Fragrant Sumac

Rhus aromatica

Family: Anacardiaceae (an-a-kard-ee-AY-see-ee) (Info)
Genus: Rhus (roos) (Info)
Species: aromatica (ar-oh-MAT-ih-kuh) (Info)
Synonym:Rhus aromatica var. aromatica
Synonym:Rhus aromatica var. illinoensis
Synonym:Schmaltzia crenata



Foliage Color:

Unknown - Tell us

Bloom Characteristics:

This plant is attractive to bees, butterflies and/or birds

Water Requirements:

Average Water Needs; Water regularly; do not overwater

Where to Grow:

Unknown - Tell us


36-48 in. (90-120 cm)

4-6 ft. (1.2-1.8 m)

6-8 ft. (1.8-2.4 m)


24-36 in. (60-90 cm)

36-48 in. (90-120 cm)


USDA Zone 4a: to -34.4 C (-30 F)

USDA Zone 4b: to -31.6 C (-25 F)

USDA Zone 5a: to -28.8 C (-20 F)

USDA Zone 5b: to -26.1 C (-15 F)

USDA Zone 6a: to -23.3 C (-10 F)

USDA Zone 6b: to -20.5 C (-5 F)

USDA Zone 7a: to -17.7 C (0 F)

USDA Zone 7b: to -14.9 C (5 F)

USDA Zone 8a: to -12.2 C (10 F)

USDA Zone 8b: to -9.4 C (15 F)

Sun Exposure:

Sun to Partial Shade

Light Shade



Bloom Color:

Pale Yellow

Bright Yellow

Chartreuse (Yellow-Green)

Bloom Time:

Late Winter/Early Spring




Good Fall Color

Other details:

This plant may be considered a protected species; check before digging or gathering seeds

Soil pH requirements:

6.1 to 6.5 (mildly acidic)

6.6 to 7.5 (neutral)

7.6 to 7.8 (mildly alkaline)

Patent Information:


Propagation Methods:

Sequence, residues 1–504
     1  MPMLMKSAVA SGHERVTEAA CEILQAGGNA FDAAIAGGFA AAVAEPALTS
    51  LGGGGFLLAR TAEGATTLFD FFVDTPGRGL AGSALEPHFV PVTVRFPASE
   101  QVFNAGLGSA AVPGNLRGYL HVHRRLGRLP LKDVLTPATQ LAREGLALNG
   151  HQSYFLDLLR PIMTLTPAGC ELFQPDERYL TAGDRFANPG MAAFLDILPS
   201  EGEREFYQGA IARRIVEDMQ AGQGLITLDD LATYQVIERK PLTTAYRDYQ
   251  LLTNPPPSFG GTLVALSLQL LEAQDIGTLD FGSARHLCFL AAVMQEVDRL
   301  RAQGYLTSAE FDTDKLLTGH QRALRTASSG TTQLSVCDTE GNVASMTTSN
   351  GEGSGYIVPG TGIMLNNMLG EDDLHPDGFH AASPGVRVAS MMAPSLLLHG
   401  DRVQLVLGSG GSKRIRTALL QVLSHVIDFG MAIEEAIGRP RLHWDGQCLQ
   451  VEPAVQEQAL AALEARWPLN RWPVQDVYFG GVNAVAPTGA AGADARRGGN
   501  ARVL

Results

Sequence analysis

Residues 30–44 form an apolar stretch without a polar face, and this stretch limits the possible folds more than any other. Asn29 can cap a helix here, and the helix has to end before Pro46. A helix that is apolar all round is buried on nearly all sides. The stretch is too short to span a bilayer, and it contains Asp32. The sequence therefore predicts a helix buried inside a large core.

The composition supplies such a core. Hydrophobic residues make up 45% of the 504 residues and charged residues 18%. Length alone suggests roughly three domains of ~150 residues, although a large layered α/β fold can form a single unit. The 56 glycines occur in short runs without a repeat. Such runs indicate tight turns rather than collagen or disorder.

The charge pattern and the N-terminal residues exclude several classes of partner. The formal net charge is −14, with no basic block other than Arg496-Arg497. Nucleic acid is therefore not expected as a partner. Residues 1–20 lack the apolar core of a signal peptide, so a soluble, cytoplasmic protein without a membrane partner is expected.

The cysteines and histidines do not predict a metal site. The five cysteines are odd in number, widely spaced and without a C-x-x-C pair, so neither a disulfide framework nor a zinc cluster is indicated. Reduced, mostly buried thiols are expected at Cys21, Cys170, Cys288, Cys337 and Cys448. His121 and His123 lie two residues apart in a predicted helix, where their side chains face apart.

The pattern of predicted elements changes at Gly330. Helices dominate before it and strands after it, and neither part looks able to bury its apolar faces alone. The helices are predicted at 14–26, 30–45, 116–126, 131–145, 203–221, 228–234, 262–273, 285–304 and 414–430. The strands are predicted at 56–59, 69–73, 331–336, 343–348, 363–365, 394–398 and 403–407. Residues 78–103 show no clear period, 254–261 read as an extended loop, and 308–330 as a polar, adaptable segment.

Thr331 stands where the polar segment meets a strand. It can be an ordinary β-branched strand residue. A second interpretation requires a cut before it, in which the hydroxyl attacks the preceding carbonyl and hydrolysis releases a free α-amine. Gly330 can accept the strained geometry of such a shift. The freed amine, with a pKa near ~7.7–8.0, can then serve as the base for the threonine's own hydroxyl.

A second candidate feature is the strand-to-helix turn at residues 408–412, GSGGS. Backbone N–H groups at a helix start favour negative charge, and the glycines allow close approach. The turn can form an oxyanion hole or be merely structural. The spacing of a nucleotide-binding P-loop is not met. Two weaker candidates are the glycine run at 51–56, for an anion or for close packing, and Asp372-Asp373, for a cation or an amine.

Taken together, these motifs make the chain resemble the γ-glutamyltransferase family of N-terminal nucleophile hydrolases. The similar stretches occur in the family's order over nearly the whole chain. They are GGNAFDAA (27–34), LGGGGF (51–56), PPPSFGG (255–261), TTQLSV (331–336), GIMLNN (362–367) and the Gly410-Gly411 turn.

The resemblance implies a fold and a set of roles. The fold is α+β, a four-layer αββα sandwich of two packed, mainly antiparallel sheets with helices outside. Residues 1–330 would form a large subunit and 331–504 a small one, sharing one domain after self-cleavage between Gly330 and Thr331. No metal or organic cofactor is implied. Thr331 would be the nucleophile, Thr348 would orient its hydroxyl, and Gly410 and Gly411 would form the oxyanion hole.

By dividing rhizomes, tubers, corms or bulbs (including offsets)

From seed; direct sow outdoors in fall

From seed; stratify if sowing indoors

Scarify seed before sowing

By serpentine layering

Seed Collecting:

Seed does not store well; sow as soon as possible


This plant has been said to grow in the following regions:

Morrilton, Arkansas

Glen Ellyn, Illinois

Saint Charles, Illinois

Wadsworth, Illinois

Corinna, Maine

Aurora, Missouri

Cole Camp, Missouri

Piedmont, Missouri

Youngstown, Ohio

Hulbert, Oklahoma

Newtown Square, Pennsylvania

Arlington, Texas

Austin, Texas

Crawford, Texas

Harker Heights, Texas

San Antonio, Texas

Salt Lake City, Utah

Exmore, Virginia

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Gardeners' Notes:


On May 22, 2012, kwanjin from (Zone 7a) wrote:

I love this plant. I've had it 7 years and it's beautiful. No suckering as with some other Rhus' and the Fall color is a wonderful red.


On May 31, 2007, frostweed from Josephine, Arlington, TX (Zone 8a) wrote:

Fragrant Sumac, Rhus aromatica is native to Texas and other States.


On Mar 28, 2005, Toxicodendron from Piedmont, MO (Zone 6a) wrote:

This native shrub is a valuable wildlife plant. It's fruit is eaten by birds, raccoons, opossums, chipmunks, and deer.
It is sometimes mistaken for poison ivy, since both plants have 3 leaflets, but close examination reveals that the leaflets do not have stalks, whereas poison ivy leaflets do (the center leaflet). There are other differences in flowers, fruit, etc. Fragrant sumac does not cause skin irritation.
I have pulled this plant out in great quantity because it propagates by runners and my property is overly supplied with it. I leave it in the woodsy areas, but have eliminated it in the flower and vegetable patches. It favors a location at the edge of woods.
There is considerable variability in the characteristics of fragrant sumac over it's broad range ... read more